Despite our increasingly diversified economy with growing industries such as financial services, food and soft goods, manufacturing still powers Detroit’s economic engine.
It’s an industry – like so many others – that’s been hit hard by the COVID-19 crisis. Michigan Governor Whitmer’s order allowing manufacturing workers to resume work in early May came as good news for several reasons.
Automotive and manufacturing remain the backbone of our regional economy. Many of our residents’ livelihoods depend on the healthy production of vehicles and auto parts. Detroit, and its people, are critical to the global supply chain.
I’m proud that our Governor’s re-entry decision was based on collaboration and science. With the leadership of the UAW, Detroit automakers and industry associations, Gov. Whitmer is ensuring that workers can safely provide for their families and help Michigan power the region’s economic recovery.
As workers return to their manufacturing jobs, we must keep health and safety a priority – not only in providing COVID-safe work environments, but in all future pandemic-related decisions. As the crisis continues, it’s important that we maintain our “safety first” commitment and never place economic decisions above the wellbeing of our people.
COVID-19 precautions have been implemented in all of our area’s manufacturing facilities. This includes providing personal protective equipment, installing barriers that separate employees clustered together, identifying designated entry points and sanitizing work areas. Companies are limiting non-essential personnel, screening workers with temperature checks, and asking about possible exposure to the virus – even travel habits. While face masks must be worn at all times, face shields are recommended for those who cannot consistently maintain three feet of separation from other workers.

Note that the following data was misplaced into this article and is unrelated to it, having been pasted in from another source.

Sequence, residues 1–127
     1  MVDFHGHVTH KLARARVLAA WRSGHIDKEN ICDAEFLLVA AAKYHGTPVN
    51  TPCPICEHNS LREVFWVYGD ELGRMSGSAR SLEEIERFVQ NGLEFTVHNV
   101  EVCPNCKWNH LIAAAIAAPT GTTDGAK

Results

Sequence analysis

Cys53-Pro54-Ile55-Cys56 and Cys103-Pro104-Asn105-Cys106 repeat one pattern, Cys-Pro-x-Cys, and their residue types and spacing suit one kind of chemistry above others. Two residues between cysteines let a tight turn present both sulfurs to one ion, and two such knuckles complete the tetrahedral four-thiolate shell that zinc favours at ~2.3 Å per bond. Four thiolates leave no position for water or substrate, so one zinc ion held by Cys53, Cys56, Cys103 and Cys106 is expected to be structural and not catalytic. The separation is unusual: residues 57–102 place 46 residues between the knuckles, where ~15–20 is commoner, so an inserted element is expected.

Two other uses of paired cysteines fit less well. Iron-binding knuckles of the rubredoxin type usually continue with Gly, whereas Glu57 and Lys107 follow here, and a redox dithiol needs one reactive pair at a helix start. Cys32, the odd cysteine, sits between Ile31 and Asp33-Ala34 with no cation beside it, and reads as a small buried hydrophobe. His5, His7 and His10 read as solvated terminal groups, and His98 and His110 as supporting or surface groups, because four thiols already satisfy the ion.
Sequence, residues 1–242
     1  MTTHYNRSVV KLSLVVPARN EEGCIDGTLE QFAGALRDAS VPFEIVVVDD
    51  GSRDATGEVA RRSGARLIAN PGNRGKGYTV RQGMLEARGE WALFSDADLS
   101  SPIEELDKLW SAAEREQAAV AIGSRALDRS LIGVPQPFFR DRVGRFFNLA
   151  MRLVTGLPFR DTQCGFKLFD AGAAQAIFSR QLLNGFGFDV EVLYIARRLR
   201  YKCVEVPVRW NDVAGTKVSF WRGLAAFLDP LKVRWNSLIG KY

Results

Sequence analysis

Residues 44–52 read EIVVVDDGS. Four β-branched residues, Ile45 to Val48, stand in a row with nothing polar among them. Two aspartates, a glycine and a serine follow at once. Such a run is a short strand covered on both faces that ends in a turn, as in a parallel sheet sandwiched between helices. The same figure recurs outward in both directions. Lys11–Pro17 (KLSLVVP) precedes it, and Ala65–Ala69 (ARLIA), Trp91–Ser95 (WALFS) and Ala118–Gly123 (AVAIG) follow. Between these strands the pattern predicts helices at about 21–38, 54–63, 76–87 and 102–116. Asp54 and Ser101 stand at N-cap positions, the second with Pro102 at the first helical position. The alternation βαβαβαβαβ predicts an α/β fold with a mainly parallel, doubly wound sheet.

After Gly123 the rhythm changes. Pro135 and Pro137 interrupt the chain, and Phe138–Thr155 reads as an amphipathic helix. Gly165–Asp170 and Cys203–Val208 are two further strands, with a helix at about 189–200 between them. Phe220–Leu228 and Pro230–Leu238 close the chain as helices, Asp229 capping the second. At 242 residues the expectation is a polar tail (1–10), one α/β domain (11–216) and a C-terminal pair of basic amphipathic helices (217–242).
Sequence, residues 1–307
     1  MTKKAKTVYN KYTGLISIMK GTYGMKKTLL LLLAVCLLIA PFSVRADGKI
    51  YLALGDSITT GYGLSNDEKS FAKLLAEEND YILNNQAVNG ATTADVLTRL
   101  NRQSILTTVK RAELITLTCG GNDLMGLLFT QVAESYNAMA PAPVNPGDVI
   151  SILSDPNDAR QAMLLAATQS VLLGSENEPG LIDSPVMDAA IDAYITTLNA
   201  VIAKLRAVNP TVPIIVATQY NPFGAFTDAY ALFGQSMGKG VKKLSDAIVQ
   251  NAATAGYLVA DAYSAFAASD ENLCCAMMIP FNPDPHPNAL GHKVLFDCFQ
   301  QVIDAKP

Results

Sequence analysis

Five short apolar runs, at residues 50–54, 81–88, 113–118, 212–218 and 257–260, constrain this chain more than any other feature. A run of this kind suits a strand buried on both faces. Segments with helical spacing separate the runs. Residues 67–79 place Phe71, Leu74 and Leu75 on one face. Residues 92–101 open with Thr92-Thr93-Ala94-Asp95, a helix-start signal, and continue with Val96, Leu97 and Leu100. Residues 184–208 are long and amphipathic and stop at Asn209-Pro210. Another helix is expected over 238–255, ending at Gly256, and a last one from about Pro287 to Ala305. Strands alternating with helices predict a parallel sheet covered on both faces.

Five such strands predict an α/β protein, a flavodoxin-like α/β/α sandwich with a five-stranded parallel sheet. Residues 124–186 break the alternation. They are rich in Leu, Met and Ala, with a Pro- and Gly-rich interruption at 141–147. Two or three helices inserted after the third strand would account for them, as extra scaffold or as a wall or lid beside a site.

Lear Corporation led the industry in developing a playbook outlining helpful practices for health and safety procedures, operating discipline and training employees on transmittal, signs and symptoms of COVID-19. GM created a ‘Returning to Work with Confidence,’ booklet that discussed facility ventilation, physical distancing, workforce communication and sanitation procedures for high touch places. Both companies have tracking processes in place in the event of exposure.
In the early days of the pandemic, several OEMs and suppliers recalled workers to manufacture PPE – including masks, face shields and protective garments. FCA, Ford and GM even began producing ventilators, proving again the commitment of Detroit’s original “Big Three” to the safety of our nation, as they did some 80 years ago during World War II.
Manufacturing is not only the life blood of Detroit’s economy; it is a collaborative partner with our city and our people. This industry has led the world in creating precautions that are keeping our workers safe, and restarting a global economy derailed by the COVID-19 pandemic. While we continue to live in the COVID environment, I encourage everyone to remain vigilant about their own safety. We cannot afford to let down our guard for even one minute. Doing so would put at risk the progress our Governor and Mayor have charted in reducing the spread of COVID, and its lethal impact on our people and businesses.
Kevin Johnson is president and CEO of the Detroit Economic Growth Corp